Mary Brennan

SOME ballets bring a story on-stage, other ballets arrive with a history attached to them – Scottish Ballet’s revival of the late Sir Kenneth MacMillan’s Le Baiser de la fée (The Fairy’s Kiss) has both, at its heart.

Story first. In The Ice Maiden (by Hans Christian Andersen), a mother is battling through a snowstorm with her babe in arms. A Fairy, glacial and unrelenting, watches the mother die, then seals the baby’s future with a kiss. The boy survives, grows up, meets a girl – then, on the day of his wedding, the Fairy unexpectedly returns and claims him with another kiss that freezes him in her power for eternity. His fiancee is left alone, vainly searching and bereft. This is not, by any stretch, a happy ending: not even for the possessive Fairy – the lad can never really love her, his feelings are entombed in permafrost.

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The history of MacMillan’s one-act ballet has, over the years, acquired its own hints of that supernatural kiss being more of a curse than a blessing. It was actually Stravinsky’s music, rather than Hans Christian Andersen’s darkly cruel tale, that lured MacMillan into creating Le Baiser de la fée in 1960. Like other choreographers before him, however, MacMillan discovered that the score was more attuned to Stravinsky’s admiration for Tchaikovsky and his music, than to Andersen’s scenario – the two sources were not an immediate, nor an easy fit, although the resulting ballet contains some thrilling dance that points to future innovative directions in MacMillan’s later works.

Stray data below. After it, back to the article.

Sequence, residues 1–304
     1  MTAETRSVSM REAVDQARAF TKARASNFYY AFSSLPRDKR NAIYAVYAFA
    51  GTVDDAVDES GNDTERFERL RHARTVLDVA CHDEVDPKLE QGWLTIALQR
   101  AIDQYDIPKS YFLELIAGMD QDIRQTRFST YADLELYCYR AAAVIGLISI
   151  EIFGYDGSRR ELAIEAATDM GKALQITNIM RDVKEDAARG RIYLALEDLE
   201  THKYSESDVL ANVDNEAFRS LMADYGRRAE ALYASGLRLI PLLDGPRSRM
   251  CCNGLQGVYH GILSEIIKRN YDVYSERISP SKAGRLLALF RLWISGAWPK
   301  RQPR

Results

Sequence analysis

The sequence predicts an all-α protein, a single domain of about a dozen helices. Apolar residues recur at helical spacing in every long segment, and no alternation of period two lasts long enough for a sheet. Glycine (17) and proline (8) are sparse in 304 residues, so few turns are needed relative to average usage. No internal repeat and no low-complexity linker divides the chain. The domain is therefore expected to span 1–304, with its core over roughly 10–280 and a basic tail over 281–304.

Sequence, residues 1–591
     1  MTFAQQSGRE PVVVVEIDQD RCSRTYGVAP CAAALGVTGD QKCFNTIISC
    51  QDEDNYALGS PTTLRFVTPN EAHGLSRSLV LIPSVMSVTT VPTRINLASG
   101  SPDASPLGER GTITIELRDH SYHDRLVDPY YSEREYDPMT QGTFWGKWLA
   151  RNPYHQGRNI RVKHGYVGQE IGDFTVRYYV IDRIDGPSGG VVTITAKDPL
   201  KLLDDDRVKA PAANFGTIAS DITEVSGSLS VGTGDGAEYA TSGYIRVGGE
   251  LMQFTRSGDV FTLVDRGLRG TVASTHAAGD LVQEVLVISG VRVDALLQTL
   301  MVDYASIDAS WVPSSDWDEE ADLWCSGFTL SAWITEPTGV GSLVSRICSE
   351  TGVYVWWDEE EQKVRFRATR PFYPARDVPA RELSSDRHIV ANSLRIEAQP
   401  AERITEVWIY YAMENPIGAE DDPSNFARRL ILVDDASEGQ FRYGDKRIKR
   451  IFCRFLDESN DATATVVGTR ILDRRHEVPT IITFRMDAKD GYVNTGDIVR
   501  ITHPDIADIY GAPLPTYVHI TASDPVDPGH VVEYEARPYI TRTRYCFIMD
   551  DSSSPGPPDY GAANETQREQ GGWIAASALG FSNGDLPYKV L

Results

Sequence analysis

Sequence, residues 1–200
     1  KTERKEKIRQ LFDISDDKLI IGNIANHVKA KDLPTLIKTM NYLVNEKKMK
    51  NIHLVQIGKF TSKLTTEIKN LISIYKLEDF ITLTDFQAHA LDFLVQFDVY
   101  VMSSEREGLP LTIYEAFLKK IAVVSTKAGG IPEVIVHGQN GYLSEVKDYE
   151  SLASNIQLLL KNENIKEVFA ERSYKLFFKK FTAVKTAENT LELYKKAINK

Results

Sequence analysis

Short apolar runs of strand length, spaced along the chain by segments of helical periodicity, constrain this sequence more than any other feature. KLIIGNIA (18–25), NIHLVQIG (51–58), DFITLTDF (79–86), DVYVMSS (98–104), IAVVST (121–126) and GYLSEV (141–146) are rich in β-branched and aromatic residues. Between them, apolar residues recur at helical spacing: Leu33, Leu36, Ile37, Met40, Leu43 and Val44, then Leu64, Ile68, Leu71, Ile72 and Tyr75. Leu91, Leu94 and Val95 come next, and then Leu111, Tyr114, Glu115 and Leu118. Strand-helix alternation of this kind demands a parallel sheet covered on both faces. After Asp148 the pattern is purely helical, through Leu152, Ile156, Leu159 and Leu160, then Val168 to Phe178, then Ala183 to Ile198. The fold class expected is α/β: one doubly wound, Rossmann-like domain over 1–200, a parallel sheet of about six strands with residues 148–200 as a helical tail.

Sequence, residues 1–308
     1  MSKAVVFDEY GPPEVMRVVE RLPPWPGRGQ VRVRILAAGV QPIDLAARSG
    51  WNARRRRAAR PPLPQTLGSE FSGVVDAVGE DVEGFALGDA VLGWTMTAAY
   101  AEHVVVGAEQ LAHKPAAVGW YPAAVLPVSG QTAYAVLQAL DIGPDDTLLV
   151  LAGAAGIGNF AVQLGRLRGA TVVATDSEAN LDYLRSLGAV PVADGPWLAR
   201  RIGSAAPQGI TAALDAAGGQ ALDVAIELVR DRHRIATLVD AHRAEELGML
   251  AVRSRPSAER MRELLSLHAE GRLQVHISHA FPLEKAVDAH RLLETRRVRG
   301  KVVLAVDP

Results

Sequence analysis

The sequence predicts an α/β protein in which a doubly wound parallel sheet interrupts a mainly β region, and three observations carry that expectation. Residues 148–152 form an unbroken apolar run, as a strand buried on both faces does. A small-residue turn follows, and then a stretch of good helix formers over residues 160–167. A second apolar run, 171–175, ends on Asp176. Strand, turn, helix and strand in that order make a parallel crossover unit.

The London premiere in April 1960 was well received, critically. Come August, and the Royal Ballet packed up the substantial set (by Kenneth Rowell), and brought it North to perform Baiser at that year’s Edinburgh International Festival. During its opening night there, part of the scenery collapsed, narrowly missing one of the dancers in what would have been, dare we say it, more of a Glasgow Kiss than a fairy’s kiss. The incident seemed to highlight unforeseen difficulties. Even though Rowell’s designs had been hailed as a tremendously brooding, dark and threatening antidote to the usual pretty-pretty view of ballet- fairyland, the set was so complex it proved well night impossible to pair Baiser with any of the company’s existing repertoire pieces. The production was mothballed after only 33 performances.

There was a fleeting re-appearance, with new designs, in 1986 but thereafter Baiser became something of an unapproachable Sleeping Beauty – which is why Scottish Ballet’s revival of it is an especially welcome way of marking the 25th anniversary of MacMillan’s death. Not only will Baiser be part of the company’s forthcoming Stravinsky double bill but it will be performed at the Royal Opera House in London as part of October’s MacMillan Festival there, the first time Scottish Ballet has every appeared on the Covent Garden stage.